Ruzbihan Baqli

Abu Muhammad Sheikh Ruzbehan Baqli (1128–1209) was a Persian[1] poet, mystic, teacher and sufi master. He wrote about his own life as well as published commentaries on Sufi poets and ideas.

Tomb of Ruzbihan Baqli in Shiraz, Iran.

Baqli's most renowned work was his autobiography Unveiling of Secrets or Kashf al-asra.

LifeEdit

Ruzbihan Baqli was born in 1128 to a family of Daylamite origin in Fasa in what is today Iran.[2] As a teenager, Baqli worked as a grocer. Although Baqli claimed to have had religious visions at ages three, seven, and fifteen, he said that his family was not religious. He described these visions as dreams and powerful ecstasies in The Unveiling of Secrets.

At age 15, Baqli left Fasa to spend 18 months in desert, during which time he claimed to receive more visions. After leaving the desert, he joined a Sufi sect.[3] In The Unveiling of Secrets, Baqli says he had his first "unveiling" while training with the Sufis. He eventually returned to Fasa to seek a master and spiritual guide; there he met and became a disciple of Shaykh Jamal al-Din Abi al-Wafa’ ibn Khalil al-Fasa’I.[4]

It is speculated that Baqli spent the next years travelling to Syria, Iraq, Kerman in Iran, Arabia, making the hajj twice. He returned to Shiraz in 1165 and set up a hospice[5] where he taught for 50 years. He married several wives and had two sons and three daughters..

Baqli died in 1209 in Shiraz.

LegacyEdit

Baqli's center for Sufi training and his teachings remained popular several generations after his death.[6] Ruzbihan Baqli died in 1209 in Shiraz and was placed in a tomb in his ribat. For several generations after his death, Ruzbihan Baqli's legacy as a Sufi master continued and Shiraz became a place of pilgrimage. However, the popularity of his order waned and eventually disappeared and his tomb fell into disrepair.

In 1972, Baqli's tomb was restored by the Iranian Department of Antiquities.[7]

The two most important hagiographies about him were written by family members almost a century after his death: The Gift to the People of Gnosis, in Memory of the Chief Axis of the World, Ruzbihan (1300); and The Spirit of the Gardens, on the Life of the Master Ruzbihan (1305).[8] Some groups in the Middle East, Central Asia, India, and Persia still study his texts today.[9]

Literary worksEdit

Baqli wrote his spiritual experiences and his poetry in a dense, rhetorical prose style. He composed mostly in Arabic and Persian.[10] His writings are unique because, while they do not include many dates or chronology, he talks about his personal life and his family, while not mentioning other outside events.[11] Baqli was known for his fondness and defense of many early Sufis’ ecstatic sayings (shathiyat) and therefore was dubbed "Doctor Ecstaticus."

Baqli completed his book Commentary on Ecstatic Sayings or Sarh al-shathiyyat in 1174.[12] He also wrote The Spirits’ Font in 1184. The Unveiling of Secrets or Kashf al-asrar was completed in 1189 after eight years. It is both an autobiography and a diary of visions and Sufi teachings.[13] Many of his works emphasize the Sufi theories of love, and also defend early Sufi saints in their ecstatic utterances. The Sufi saint Hallaj was a primary example in Baqli's text.[14]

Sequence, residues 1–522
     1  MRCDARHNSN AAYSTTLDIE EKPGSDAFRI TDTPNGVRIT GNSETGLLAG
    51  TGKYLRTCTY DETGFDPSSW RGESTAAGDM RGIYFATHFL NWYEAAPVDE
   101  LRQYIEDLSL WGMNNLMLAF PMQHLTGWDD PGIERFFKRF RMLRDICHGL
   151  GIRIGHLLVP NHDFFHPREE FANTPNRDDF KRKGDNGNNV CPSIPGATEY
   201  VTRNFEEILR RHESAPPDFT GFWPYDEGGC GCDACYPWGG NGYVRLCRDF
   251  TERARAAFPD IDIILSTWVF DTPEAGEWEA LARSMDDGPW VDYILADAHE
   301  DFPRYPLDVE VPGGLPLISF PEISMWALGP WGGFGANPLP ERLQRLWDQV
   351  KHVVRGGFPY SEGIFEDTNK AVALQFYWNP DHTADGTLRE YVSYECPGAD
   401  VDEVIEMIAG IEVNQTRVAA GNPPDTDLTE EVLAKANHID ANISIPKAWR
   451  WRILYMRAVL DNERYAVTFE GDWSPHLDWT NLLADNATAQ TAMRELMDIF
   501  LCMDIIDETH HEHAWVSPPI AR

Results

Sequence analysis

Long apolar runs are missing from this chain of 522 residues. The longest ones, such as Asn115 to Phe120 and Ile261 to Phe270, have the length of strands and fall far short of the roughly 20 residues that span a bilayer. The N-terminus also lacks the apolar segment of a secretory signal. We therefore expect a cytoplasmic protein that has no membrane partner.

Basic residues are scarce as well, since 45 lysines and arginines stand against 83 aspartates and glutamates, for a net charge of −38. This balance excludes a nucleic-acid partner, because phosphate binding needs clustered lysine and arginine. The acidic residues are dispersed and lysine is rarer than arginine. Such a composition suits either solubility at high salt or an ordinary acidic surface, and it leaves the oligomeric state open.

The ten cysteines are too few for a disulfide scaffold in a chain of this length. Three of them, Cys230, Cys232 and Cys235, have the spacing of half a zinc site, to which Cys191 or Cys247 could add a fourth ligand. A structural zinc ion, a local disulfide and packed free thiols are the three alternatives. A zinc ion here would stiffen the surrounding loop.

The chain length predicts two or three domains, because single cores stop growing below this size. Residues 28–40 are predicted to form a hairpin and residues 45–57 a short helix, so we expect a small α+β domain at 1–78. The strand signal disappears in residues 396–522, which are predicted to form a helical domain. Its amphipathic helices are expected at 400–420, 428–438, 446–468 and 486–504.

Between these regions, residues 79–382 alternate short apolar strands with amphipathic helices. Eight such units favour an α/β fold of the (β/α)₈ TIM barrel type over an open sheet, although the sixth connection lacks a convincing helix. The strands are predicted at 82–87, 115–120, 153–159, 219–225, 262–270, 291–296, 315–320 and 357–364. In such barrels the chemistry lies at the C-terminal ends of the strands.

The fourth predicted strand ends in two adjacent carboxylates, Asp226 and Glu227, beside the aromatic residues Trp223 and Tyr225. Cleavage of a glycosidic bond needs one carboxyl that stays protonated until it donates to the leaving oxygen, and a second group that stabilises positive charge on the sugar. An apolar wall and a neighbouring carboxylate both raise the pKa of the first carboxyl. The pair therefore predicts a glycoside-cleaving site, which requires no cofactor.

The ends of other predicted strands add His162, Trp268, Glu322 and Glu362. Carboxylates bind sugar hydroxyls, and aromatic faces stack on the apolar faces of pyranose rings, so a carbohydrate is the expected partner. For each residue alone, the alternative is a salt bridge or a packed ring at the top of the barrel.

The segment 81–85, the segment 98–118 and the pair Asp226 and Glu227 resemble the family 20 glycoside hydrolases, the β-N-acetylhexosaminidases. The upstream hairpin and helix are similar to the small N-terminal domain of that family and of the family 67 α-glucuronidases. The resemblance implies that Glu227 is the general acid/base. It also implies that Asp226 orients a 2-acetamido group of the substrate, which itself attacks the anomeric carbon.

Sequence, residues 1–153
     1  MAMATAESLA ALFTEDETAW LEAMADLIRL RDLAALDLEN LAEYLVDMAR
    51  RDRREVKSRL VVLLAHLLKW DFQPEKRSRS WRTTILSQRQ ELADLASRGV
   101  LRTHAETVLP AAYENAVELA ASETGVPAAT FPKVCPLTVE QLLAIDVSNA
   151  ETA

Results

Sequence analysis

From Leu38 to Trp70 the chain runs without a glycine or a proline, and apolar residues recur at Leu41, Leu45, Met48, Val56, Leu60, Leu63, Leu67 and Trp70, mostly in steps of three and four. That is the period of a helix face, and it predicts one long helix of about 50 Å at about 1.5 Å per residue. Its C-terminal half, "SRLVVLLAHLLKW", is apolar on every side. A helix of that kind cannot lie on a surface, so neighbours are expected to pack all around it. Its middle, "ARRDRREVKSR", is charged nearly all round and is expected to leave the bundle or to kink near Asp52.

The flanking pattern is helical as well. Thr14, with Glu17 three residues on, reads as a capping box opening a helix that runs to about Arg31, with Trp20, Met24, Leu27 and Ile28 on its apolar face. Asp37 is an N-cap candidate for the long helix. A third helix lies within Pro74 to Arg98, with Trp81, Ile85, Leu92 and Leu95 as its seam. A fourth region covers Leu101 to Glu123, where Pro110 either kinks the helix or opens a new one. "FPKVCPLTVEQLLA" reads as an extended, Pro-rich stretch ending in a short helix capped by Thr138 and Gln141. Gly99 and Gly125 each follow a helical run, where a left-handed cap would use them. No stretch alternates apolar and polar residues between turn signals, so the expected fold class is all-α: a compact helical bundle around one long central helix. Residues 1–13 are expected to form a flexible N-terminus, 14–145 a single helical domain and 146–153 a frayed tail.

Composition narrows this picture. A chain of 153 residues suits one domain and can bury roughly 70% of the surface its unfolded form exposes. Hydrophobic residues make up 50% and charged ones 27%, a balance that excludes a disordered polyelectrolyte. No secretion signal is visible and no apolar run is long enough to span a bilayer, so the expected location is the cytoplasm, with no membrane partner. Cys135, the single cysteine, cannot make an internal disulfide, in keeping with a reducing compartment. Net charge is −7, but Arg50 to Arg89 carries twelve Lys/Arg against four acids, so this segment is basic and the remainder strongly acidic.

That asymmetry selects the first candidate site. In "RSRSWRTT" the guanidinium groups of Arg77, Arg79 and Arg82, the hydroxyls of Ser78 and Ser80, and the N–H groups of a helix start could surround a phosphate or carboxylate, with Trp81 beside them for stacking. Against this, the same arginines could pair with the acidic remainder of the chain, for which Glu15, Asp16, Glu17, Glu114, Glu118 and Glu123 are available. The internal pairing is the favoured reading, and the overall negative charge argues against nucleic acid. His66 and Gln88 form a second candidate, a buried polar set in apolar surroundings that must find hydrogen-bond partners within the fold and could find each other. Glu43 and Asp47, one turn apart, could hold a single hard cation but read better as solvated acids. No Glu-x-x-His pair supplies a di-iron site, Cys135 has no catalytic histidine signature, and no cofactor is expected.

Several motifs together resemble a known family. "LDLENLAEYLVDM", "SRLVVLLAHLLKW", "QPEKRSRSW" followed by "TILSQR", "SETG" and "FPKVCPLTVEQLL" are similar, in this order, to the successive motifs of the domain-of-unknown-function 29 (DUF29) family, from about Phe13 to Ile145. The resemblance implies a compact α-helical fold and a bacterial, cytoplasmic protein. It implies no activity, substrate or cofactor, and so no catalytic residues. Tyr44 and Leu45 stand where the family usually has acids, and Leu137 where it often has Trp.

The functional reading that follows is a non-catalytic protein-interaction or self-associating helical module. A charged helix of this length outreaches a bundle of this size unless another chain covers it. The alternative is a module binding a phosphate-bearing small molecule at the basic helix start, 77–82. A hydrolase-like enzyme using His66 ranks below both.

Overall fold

While direct literary references to Baqli in later Sufism were not common, perhaps because of the difficulty of the texts, he was known for his love of beauty: fine fragrances, a beautiful face, and sweet voices. His texts were studied, however, by Jāmi of the fifteenth century and a Mughal prince of the seventeenth century.[15]

See alsoEdit

ReferencesEdit

  1. ^ Irwin, edited by Robert (2010). The new Cambridge history of Islam, Volume 4 (1. publ. ed.). Cambridge: Cambridge University Press. p. 72. ISBN 978-0-521-83824-5.CS1 maint: extra text: authors list (link)
  2. ^ Shahbazi, A. Shapur. "Shiraz i. History to 1940". Encyclopaedia Iranica. Columbia University Press. Retrieved 7 April 2011.
  3. ^ Baqli, Ruzbihan (1997). Trans. Carl W. Ernst (ed.). The Unveiling of Secrets: Diary of a Sufi Master. Chapel Hill, NC: Parvardigar. pp. 9–11.
  4. ^ Baqli, Ruzbihan (1997). Trans. Carl W. Ernst (ed.). The Unveiling of Secrets: Diary of a Sufi Master. Chapel Hill, NC: Parvardigar. pp. 11–12.
  5. ^ Ernst, Carl W. (1996). Ruzbihan Baqli: Mysticism and the Rhetoric of Sainthood in Persian Sufism. Surrey: Curzon. p. 2.
  6. ^ Ernst, Carl W. "Rūzbihān". Encyclopaedia of Islam, Second Edition. Brill Online. Retrieved 7 April 2011.
  7. ^ Ernst, Carl W. (1996). Ruzbihan Baqli: Mysticism and the Rhetoric of Sainthood in Persian Sufism. Surrey: Curzon. pp. 5–7.
  8. ^ Ernst, Carl W. (1996). Ruzbihan Baqli: Mysticism and the Rhetoric of Sainthood in Persian Sufism. Surrey: Curzon. p. 7.
  9. ^ Ernst, Carl W. "Rūzbihān". Encyclopaedia of Islam, Second Edition. Brill Online. Retrieved 7 April 2011.
  10. ^ Ernst, Carl W. (1996). Ruzbihan Baqli: Mysticism and the Rhetoric of Sainthood in Persian Sufism. Surrey: Curzon. p. 5.
  11. ^ Baqli, Ruzbihan (1997). Trans. Carl W. Ernst (ed.). The Unveiling of Secrets: Diary of a Sufi Master. Chapel Hill, NC: Parvardigar. pp. x–xi.
  12. ^ Ernst, Carl W. "Rūzbihān". Encyclopaedia of Islam, Second Edition. Brill Online. Retrieved 7 April 2011.
  13. ^ Baqli, Ruzbihan (1996). The Unveiling of Secrets: Diary of a Sufi Master. Chapel Hill, NC: Parvardigar. pp. xi.
  14. ^ Schimmel, Annemarie (1976). Mystical Dimensions of Islam. Chapel Hill, NC: University of North Carolina Press. p. 296.
  15. ^ Ernst, Carl W. (1999). "The Symbolism of Flight in Ruzbihan Baqli". In Leonard Lewisohn (ed.). The Heritage of Sufism (2 ed.). Oxford: One World. pp. 354–366.

SourcesEdit